The maximum amount of compound that may be present in the air, defined as the saturation point, may be determined from the atmospheric pressure and the humidity, among other conditions, within the space to be treated. Once this theoretical saturation point (defined as a concentration or mass of TEG per volume of space) is calculated, a device for diffusing TEG into the space may be activated to provide a measured dose of TEG into the space to achieve the desired concentration. When treatment of a space is initiated, a bolus of the compound may be released into the space to quickly raise the level of concentration to the desired level. Once this level has been reached, then the amount of compound to be released is preferably based on an expected or actual degree of spontaneous degradation or reduction of TEG within the space. This degradation might result from natural activity, such as the TEG interacting with contaminants in the air or from other causes.

In the discussion above, it should be noted that a diffusion device according to the present disclosure is actually releasing the TEG compound in a liquid form. To perform the disinfection function, TEG must be in a vaporous form. To go from the liquid released by the diffusion device to the disinfecting vapor, the TEG must evaporate from the droplets of liquid into the air. It is a well known physical phenomenon that a reduction of the surface area versus the mass of a liquid will to increase the tendency of the liquid to evaporate. The greater ratio of surface area to mass will result is an increase in the vapor pressure of the liquid.

Creating Vapor From Liquid State TEG

Hanging the soaked and cured bed sheets served to massively increase the exposed surface area to volume ratio of the TEG liquid thus increasing reactivity because more TEG is exposed to react with the atmosphere. In effect, the vapor pressure or volatility of the TEG is increased by increasing the exposed surface area to volume ratio. The problem here was producing the quantity of TEG needed to sterilize a space without wasting material by having a higher than necessary concentration.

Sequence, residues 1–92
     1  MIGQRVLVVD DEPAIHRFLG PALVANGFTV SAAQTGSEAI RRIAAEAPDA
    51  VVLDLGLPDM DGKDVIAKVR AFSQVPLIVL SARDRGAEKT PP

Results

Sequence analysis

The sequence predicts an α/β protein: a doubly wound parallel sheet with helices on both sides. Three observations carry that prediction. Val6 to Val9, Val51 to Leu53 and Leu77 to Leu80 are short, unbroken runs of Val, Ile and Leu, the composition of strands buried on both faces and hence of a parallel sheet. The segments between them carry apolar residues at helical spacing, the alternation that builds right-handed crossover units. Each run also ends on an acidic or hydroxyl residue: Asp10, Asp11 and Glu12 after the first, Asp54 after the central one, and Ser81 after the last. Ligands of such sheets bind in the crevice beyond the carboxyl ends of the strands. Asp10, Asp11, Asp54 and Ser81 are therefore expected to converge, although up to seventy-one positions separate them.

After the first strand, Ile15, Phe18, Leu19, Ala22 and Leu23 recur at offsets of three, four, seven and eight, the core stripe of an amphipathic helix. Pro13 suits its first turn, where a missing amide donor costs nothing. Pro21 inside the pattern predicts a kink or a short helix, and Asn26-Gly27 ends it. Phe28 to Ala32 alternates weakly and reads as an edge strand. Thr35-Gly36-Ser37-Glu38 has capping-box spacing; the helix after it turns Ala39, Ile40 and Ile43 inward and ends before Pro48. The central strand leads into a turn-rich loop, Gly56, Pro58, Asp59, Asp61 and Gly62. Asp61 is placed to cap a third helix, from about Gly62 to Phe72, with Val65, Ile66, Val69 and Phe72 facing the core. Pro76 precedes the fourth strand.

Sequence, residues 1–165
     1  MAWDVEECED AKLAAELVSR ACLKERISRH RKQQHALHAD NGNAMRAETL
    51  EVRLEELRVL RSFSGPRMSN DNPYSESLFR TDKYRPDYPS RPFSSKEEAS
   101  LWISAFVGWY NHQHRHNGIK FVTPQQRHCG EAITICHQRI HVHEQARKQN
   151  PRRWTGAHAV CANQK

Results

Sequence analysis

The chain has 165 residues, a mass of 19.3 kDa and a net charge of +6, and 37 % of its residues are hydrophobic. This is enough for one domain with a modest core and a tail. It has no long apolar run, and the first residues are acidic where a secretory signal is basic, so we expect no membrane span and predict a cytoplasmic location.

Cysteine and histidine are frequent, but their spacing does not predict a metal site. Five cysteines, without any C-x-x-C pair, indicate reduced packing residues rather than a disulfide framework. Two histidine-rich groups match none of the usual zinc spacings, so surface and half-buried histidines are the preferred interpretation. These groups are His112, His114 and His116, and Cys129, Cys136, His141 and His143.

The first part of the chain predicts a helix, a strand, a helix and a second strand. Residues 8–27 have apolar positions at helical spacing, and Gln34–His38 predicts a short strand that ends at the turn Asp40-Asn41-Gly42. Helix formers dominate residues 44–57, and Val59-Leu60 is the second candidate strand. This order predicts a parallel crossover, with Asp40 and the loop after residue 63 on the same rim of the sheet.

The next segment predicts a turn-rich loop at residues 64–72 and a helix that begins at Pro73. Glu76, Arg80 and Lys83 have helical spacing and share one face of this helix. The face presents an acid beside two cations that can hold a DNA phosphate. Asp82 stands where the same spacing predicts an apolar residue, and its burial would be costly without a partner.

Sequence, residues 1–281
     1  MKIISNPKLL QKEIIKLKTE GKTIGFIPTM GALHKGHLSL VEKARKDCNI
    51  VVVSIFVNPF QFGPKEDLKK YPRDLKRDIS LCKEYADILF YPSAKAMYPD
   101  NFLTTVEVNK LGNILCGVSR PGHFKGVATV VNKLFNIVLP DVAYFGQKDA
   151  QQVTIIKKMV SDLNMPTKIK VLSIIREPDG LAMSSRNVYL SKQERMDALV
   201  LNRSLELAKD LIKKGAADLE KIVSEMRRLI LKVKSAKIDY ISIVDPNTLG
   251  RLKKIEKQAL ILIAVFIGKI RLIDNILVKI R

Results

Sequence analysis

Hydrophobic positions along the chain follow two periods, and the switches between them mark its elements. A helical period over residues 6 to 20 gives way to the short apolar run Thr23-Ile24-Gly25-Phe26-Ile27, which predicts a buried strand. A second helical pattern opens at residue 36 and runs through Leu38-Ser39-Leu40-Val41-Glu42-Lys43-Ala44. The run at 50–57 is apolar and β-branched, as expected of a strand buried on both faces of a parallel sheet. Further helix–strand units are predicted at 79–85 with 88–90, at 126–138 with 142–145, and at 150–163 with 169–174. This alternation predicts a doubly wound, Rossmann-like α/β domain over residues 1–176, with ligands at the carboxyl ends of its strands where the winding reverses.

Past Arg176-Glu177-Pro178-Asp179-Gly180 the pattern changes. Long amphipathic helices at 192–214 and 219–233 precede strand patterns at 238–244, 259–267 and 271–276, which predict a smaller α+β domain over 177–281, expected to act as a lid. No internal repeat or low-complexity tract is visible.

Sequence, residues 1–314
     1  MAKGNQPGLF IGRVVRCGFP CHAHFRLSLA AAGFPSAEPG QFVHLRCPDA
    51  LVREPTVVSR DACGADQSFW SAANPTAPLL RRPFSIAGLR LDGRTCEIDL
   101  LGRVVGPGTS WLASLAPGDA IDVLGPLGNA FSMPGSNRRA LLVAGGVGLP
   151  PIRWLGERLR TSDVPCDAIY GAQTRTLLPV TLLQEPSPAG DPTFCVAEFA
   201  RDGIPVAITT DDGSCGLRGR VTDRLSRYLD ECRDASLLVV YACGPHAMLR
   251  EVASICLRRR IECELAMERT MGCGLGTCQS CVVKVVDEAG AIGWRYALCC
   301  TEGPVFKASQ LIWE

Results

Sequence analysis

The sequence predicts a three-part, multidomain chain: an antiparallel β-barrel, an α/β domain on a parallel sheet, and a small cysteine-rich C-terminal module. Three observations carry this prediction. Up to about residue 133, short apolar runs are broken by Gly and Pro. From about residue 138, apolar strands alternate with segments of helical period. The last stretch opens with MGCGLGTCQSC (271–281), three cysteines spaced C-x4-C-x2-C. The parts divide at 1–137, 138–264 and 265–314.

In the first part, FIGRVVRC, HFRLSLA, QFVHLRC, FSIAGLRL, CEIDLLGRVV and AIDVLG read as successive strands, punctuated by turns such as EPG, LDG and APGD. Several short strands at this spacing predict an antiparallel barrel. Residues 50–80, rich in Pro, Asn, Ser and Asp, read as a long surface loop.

As noted above, TEG in its natural liquid state is very non-volatile. Making precise concentrations of TEG by the use of heat requires boiling a precise quantity of TEG that matches the sterilization concentration parameters of an enclosed space of known size and environmental condition. This was relatively easy to do in the experiments cited above because liquid-state TEG was placed into the test chamber in a precise quantity that produced exactly the concentration necessary for sterilization within the 15 to 20 minute window the researchers measured.

If there is a need for continuous sterilization or sterilization for discrete periods of time, simplified vapor production and the ability to control quantity and rate of injection into the space to be sterilized is essential. Without this achieving the right concentration would be by trial and error and then only for a moment. Scalability of the effort would be virtually impossible.

The cured and soaked bed sheets addressed the generation of vapor by a massive increase in the exposed surface area to weight ratio thus increasing volatility and vapor pressure. Control was nearly impossible. The bed sheets were hung in the test room. An optical refraction method was used to measure the quantity of TEG in the air. Once the desired concentration was reached, the bed sheets would be removed. Increasing the exposed surface produced TEG vapor molecules but the quantity could only be set once and not maintained for continuous sterilization at a desired level.

The present disclosure includes devices and methods to control the quantity of TEG vapor produced and injected into a space to reach the desired concentration level and maintain it at effective levels continuously. TEG vapor is produced not by boiling but by devices according the present disclosure which convert liquid-state TEG into droplets measuring less than 500 nanometers in diameter for injection in controllable quantity into the space to be sterilized.

Like the bed sheets of early researchers, transforming liquid TEG into nano-scale droplets affects a massive increase in the exposed surface area to weight ratio. The surface area of a droplet is calculated by the equation 4πr2 where r is the radius of the droplet. The volume of a droplet is (4/3)πr3. A nano-scale droplet has a much greater surface area to weight ratio than the bed sheet. The total exposed surface area-to-volume ratio of a liquid is increased but not linearly as the surface area to weight ratio decreases.